Writing Advice

Three Rules You Can Break When Writing Fiction

Yup. You read the title right. Today is a day of rebellion. We will smash the plaques Umbridge hangs on the walls of Hogwarts, so to speak. For those of you who didn’t get that reference, we are mentally removing rules that don’t need to be there.

Now, this doesn’t mean all rules are okay to break. Just like the Weasley Twins helped to shatter Umbridge’s decrees she hung around Hogwarts in Harry Potter, we are breaking rules that are not necessary. Also, some of these rules can only be broken in certain situations. Ones that, if you break them, will help improve your writing. And hopefully, move you an inch closer to being published.

Rule: Perfect Grammar At All Times.

HA. Here is a rule that I break often, and here’s why; unless your character is a British Scholar or something of the same caliber, they will not have perfect grammar.

Now, this doesn’t always work. If you are writing in third person, grammar is important. If you, however, write in first person, the level of grammar you use will depend on the character. A thirteen year old rebel with neon green hair, pitch black make-up, and a dozen piercings will not have perfect grammar… unless that is a character trait you decide for her. So, it is up to you.

Rule: Complete Sentences. “Always.”

Double HA. I don’t remember the last time I wrote a chapter without a handful of these minimum. Always writing in complete sentences is fine… but you can add a bit of spark to your writing if you don’t always. Here’s an example:

Nothing around me moves. Nothing. Not a bird, not a petal falls of the cherry blossoms overhead… nothing. Nothing moves. It’s almost like nothing exists. I stand in the almost nothingness, enjoying the quiet that comes with it. I am alone.

Did you see how using incomplete sentences added a little spice? Just that extra little bit of subtle wordplay that makes the piece more interesting. Actually, varying sentence length helps the flow of your piece. Some of the best lines in fictional history are incomplete sentences. Here’s a few, just from the Harry Potter series (sticking to a theme here, just so many good examples, with the incomplete sentences in italics:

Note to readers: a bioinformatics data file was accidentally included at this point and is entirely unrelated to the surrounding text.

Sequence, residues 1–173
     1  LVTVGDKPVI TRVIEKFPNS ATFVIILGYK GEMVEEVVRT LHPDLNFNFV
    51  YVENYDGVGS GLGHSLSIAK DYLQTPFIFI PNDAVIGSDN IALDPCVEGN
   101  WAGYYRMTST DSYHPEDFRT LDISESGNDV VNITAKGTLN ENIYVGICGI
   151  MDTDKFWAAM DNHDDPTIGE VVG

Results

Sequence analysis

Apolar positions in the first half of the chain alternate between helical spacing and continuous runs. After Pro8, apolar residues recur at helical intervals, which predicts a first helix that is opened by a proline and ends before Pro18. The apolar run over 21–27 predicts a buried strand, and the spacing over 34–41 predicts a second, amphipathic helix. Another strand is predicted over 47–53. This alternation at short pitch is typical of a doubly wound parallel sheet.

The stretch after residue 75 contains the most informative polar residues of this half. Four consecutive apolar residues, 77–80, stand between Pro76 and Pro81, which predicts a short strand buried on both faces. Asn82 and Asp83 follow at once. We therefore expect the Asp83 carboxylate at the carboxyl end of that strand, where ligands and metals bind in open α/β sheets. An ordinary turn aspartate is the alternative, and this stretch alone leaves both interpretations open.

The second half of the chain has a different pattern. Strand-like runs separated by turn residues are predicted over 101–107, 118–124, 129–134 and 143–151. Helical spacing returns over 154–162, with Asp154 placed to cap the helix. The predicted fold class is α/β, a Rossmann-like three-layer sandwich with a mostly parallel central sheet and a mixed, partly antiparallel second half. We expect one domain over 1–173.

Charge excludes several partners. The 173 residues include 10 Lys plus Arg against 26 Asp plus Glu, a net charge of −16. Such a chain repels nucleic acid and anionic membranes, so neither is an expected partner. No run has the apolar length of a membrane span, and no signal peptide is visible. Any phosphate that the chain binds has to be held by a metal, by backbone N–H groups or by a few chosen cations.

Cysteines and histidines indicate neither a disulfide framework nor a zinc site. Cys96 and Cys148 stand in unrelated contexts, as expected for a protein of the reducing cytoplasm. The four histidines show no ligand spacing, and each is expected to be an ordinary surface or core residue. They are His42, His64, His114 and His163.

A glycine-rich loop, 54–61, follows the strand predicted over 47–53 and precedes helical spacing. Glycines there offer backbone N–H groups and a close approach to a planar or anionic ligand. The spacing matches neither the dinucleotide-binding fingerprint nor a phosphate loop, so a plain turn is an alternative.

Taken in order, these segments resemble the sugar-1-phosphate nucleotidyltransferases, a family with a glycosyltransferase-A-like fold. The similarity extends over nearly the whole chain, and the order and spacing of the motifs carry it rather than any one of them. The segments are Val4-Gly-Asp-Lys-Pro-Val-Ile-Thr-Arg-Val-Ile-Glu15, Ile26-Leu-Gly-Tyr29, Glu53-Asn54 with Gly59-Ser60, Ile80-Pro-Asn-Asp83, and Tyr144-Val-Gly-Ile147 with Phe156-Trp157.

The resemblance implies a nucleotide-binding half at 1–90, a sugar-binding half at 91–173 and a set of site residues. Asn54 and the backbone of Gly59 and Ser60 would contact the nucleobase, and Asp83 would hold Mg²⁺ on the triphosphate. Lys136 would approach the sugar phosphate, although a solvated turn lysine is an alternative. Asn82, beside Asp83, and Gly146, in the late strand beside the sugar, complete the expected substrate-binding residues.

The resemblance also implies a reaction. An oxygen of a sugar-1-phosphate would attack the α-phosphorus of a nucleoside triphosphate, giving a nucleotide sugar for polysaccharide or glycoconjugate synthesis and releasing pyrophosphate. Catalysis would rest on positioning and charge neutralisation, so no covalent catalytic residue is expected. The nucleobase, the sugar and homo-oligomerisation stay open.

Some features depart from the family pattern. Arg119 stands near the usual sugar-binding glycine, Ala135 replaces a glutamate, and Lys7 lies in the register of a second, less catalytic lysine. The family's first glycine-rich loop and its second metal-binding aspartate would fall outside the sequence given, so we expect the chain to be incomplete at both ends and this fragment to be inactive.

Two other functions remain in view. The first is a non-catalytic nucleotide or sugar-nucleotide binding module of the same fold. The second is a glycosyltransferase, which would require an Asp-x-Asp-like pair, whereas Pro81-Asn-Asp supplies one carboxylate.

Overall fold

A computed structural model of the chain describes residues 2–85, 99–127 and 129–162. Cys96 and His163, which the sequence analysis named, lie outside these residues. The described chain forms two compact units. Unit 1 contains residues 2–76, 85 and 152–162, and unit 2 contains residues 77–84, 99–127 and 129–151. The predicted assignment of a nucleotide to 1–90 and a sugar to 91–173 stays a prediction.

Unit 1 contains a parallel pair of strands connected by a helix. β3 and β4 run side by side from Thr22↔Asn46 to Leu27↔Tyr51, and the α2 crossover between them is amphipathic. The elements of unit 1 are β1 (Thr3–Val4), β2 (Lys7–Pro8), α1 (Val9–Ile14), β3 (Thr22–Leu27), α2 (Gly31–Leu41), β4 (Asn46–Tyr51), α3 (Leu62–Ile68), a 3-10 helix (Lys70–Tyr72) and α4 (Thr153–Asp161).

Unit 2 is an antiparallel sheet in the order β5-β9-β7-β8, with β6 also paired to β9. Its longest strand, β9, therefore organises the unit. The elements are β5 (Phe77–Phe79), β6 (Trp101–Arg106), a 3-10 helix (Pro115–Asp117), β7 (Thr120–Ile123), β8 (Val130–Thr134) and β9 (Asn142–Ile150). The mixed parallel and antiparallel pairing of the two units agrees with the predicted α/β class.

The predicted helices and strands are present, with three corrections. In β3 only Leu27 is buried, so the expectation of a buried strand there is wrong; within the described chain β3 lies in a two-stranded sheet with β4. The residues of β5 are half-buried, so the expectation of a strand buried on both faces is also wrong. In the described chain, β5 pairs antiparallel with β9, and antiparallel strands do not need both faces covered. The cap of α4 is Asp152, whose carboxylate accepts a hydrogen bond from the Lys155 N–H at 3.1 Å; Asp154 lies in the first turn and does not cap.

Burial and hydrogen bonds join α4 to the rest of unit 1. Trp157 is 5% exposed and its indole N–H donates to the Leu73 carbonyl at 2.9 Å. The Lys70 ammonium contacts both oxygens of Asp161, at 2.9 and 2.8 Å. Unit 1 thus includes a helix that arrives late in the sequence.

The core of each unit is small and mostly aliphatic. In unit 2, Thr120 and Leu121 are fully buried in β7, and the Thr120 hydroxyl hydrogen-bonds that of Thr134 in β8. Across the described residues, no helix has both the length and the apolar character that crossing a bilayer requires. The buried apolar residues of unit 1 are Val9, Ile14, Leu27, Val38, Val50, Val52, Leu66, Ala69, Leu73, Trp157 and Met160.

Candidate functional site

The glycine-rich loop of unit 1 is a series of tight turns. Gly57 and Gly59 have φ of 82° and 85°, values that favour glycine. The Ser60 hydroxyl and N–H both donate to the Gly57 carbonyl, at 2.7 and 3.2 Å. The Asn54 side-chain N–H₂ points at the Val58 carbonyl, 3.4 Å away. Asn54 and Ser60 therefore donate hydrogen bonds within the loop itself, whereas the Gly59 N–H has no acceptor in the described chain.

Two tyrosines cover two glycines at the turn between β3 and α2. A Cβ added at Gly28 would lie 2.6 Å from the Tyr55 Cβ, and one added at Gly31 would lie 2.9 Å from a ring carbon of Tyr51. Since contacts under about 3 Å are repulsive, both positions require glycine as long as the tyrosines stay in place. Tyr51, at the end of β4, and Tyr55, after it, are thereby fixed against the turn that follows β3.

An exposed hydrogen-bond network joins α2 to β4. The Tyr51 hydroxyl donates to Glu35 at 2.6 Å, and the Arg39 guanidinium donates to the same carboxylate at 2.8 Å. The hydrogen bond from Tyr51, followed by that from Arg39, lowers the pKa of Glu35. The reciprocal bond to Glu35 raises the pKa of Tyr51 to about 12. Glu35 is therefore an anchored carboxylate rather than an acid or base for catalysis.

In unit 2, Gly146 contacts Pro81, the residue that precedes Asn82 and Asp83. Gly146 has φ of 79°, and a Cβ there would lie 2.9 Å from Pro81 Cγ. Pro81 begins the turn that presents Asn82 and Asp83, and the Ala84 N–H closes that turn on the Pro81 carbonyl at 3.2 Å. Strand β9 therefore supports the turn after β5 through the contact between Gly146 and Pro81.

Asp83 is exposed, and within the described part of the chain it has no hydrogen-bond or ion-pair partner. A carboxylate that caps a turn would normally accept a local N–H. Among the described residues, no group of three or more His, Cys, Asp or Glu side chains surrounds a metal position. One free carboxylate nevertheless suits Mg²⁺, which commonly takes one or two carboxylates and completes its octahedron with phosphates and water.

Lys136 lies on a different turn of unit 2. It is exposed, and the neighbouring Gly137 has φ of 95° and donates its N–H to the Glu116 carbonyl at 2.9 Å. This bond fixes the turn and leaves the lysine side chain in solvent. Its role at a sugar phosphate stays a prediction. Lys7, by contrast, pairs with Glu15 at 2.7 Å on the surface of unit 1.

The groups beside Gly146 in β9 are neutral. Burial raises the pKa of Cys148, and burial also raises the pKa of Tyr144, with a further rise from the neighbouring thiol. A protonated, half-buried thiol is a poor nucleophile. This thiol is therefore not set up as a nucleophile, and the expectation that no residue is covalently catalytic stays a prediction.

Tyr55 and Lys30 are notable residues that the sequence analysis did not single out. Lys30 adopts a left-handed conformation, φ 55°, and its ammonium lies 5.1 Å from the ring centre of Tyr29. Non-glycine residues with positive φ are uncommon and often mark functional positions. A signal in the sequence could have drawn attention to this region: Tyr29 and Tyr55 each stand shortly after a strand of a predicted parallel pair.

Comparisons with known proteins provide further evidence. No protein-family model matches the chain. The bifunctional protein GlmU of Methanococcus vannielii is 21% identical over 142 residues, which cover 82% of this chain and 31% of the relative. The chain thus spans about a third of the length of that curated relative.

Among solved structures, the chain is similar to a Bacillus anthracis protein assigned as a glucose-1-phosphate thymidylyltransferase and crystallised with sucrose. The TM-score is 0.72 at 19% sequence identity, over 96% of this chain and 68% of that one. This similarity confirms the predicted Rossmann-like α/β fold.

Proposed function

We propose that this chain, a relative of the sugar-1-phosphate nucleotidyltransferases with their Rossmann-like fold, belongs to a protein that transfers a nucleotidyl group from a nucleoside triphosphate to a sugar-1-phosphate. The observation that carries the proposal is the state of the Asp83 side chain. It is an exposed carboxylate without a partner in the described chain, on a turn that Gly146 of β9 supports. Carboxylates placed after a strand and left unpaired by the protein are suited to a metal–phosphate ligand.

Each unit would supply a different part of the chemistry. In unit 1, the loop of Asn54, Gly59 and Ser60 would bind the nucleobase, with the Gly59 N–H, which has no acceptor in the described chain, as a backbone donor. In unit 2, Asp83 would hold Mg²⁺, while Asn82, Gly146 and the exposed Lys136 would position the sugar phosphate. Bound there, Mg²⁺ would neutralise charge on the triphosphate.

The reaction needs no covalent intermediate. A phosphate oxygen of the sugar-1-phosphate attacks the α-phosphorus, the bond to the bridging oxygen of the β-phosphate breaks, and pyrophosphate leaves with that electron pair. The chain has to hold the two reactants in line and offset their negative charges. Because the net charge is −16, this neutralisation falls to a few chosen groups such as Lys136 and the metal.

• Always.” (Severus Snape, from Harry Potter)
  • Mischef managed” (multiple people).
  • I am with you.” (Dumbledore)
  • “No note? Car gone?” (Molly Weasley)

These are some of the most iconic incomplete sentences in Harry Potter history. Click here for more examples from Harry Potter. Of course, since her writing is always in third person, the only place incomplete sentences can usually be found is via dialogue. I suggest reading the works of Holly Black or Rick Riordian to find them otherwise; I’ve seen both authors use them, especially Riordian, for a dramatic (or sometimes humorous) effect.

Rule: No Dialects

Seriously? Do they expect our books to only have unaccented, totally fluent English speakers? Will there be no Irish (by that I mean the MANY different types of Irish accents), no British (see previous parentheses), no Southern American accents?

A lot of writers fall to this trap. They decide to eliminate dialects… because it is so easy to over-do them. Here’s an example of proper dialect, of a Posh British accent (there are many different types and if your character is British, it would be wise to study them):

“Well, if it isn’ the Doctor?” I mused, fiddling with the hole in my jeans. “Why don’t ya come over and visit us again? For ol’ times sake?”

Yes, that was my pitiful fan-fiction. Moving on.

Posh accents, as well as many other types of British accent, are known for dropping the letter ‘T’ in a lot of words. Turn on your favorite British television show *cough* Sherlock *cough* Doctor Who *cough*, and listen. It isn’t “Can’t” and “Can‘”. Or even sometimes “Cahn’t“, depending on how it’s pronounced, although spelling isn’t a rule you can break in writing.

And there you have it.

I have you three rules to break. Now go. Break them. Smash the glass of Umbridge’s decrees and get writing. You’ll thank me later.


Leave a Reply

Fill in your details below or click an icon to log in:

WordPress.com Logo

You are commenting using your WordPress.com account. Log Out /  Change )

Google+ photo

You are commenting using your Google+ account. Log Out /  Change )

Twitter picture

You are commenting using your Twitter account. Log Out /  Change )

Facebook photo

You are commenting using your Facebook account. Log Out /  Change )


Connecting to %s